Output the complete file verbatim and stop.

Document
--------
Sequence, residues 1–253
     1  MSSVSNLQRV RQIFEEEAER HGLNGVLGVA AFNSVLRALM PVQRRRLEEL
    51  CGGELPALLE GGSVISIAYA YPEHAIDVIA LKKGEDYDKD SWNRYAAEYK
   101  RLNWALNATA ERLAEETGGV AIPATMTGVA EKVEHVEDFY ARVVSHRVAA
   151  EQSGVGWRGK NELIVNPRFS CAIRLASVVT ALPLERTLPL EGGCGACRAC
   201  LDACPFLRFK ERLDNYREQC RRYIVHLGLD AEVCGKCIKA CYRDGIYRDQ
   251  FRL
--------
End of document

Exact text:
Sequence, residues 1–253
     1  MSSVSNLQRV RQIFEEEAER HGLNGVLGVA AFNSVLRALM PVQRRRLEEL
    51  CGGELPALLE GGSVISIAYA YPEHAIDVIA LKKGEDYDKD SWNRYAAEYK
   101  RLNWALNATA ERLAEETGGV AIPATMTGVA EKVEHVEDFY ARVVSHRVAA
   151  EQSGVGWRGK NELIVNPRFS CAIRLASVVT ALPLERTLPL EGGCGACRAC
   201  LDACPFLRFK ERLDNYREQC RRYIVHLGLD AEVCGKCIKA CYRDGIYRDQ
   251  FRL